No idea about what could make the wrapper change color, I've never seen such a thing happening and short of being bleached by direct sun (which you say is not an issue) I can't think of a rational explanation, especially in such a short amount of time... Plus I'm assuming the cab is closed inside the humidor since you talk about opening the box to check the cigars so it doesn't really matter what is the sunlight situation in the room if the box is closed. 

Are you 100% sure that the color was different when the cigars arrived? Any chance that you looked at them with more/less light? Or artificial vs natural light? When it comes to distinguishing different shades of the same color the amount and kind of light (sun, incandescence, fluorescent, etc) can make a huge difference. 

Lastly about the sheen loss, that's also extremely odd. We are still talking about just 3 weeks. There are people who dry box cigars for 1 week and the cigars are not ruined. I myself tried it with a cigar that was very stubbornly plugged. I really don't see how 3 weeks in a 65% RH could cause a loss of oils...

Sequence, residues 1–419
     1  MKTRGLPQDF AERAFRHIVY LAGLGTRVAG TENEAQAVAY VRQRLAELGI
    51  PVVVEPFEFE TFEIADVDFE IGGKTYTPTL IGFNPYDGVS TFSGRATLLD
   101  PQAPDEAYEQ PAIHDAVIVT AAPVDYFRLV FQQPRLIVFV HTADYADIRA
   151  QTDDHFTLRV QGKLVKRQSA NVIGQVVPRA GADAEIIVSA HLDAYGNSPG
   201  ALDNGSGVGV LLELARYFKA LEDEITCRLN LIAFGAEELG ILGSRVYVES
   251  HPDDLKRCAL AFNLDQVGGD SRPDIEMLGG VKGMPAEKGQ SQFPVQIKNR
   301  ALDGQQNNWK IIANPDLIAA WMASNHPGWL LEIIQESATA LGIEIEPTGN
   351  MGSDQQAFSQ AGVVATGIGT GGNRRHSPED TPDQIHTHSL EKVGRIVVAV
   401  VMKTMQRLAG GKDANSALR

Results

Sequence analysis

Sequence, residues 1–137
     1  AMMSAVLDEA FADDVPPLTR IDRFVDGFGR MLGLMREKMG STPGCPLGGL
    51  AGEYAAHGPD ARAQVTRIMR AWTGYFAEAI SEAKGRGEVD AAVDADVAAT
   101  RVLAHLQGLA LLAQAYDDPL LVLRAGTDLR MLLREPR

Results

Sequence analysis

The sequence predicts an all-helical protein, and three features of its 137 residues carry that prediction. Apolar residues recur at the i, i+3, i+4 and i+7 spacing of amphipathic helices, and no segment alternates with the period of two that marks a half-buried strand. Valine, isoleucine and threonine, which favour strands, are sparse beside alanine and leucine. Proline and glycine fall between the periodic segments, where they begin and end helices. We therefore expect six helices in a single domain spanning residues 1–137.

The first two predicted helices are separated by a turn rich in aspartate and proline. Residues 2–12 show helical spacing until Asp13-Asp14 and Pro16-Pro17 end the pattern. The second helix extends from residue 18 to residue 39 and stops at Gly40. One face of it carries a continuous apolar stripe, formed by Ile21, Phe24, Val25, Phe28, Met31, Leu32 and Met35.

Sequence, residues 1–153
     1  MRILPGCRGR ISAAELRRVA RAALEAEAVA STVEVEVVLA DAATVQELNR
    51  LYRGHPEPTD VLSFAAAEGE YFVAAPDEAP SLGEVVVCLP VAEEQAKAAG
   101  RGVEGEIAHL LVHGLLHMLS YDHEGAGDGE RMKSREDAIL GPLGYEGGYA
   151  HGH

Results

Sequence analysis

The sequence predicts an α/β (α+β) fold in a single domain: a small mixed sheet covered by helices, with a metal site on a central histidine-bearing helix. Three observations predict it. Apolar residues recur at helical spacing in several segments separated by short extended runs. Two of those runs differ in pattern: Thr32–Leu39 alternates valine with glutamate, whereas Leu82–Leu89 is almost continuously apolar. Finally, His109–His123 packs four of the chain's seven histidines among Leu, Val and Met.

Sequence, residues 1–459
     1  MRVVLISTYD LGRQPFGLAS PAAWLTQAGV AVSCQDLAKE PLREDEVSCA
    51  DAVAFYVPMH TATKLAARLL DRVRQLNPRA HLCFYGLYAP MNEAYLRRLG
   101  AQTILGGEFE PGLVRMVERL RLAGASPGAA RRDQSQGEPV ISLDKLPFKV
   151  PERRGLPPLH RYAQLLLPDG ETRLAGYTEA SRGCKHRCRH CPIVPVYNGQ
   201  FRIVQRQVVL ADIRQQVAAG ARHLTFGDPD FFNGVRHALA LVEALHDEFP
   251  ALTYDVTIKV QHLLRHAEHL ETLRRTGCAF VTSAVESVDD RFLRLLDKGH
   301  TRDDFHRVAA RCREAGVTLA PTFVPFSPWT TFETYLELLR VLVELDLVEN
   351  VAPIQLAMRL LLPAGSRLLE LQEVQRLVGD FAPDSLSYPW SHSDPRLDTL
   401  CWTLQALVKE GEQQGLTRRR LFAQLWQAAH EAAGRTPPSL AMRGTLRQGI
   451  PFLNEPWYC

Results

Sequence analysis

My advise is since you have a 50 cab, get one out and smoke it. See how it is, it might surprise you, sometimes really bad looking cigars smoke great. If it sucks put them back in the humi and give it another month or two. Rinse and repeat.

That is assuming of course that you got the cigars here on FOH or from another trusted vendor, if there is any doubt about provenance it might the better to get in touch with the vendor first.

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Change of wrapper color in 3 weeks seems impossible to me.  Change of sheen though is possible but sometimes can be solved with more patience.  Maybe you are perceiving a color change due to the more matte finish vs gloss you may have seen originally?  I'd give them a couple more months at 65/65.